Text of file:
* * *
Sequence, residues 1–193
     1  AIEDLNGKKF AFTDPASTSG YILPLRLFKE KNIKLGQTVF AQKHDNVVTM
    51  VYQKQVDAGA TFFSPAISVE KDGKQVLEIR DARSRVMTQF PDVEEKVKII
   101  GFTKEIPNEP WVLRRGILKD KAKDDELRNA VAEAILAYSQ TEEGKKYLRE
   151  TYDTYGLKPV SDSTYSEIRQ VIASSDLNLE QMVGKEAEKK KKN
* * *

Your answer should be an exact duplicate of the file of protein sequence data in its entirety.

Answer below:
Sequence, residues 1–193
     1  AIEDLNGKKF AFTDPASTSG YILPLRLFKE KNIKLGQTVF AQKHDNVVTM
    51  VYQKQVDAGA TFFSPAISVE KDGKQVLEIR DARSRVMTQF PDVEEKVKII
   101  GFTKEIPNEP WVLRRGILKD KAKDDELRNA VAEAILAYSQ TEEGKKYLRE
   151  TYDTYGLKPV SDSTYSEIRQ VIASSDLNLE QMVGKEAEKK KKN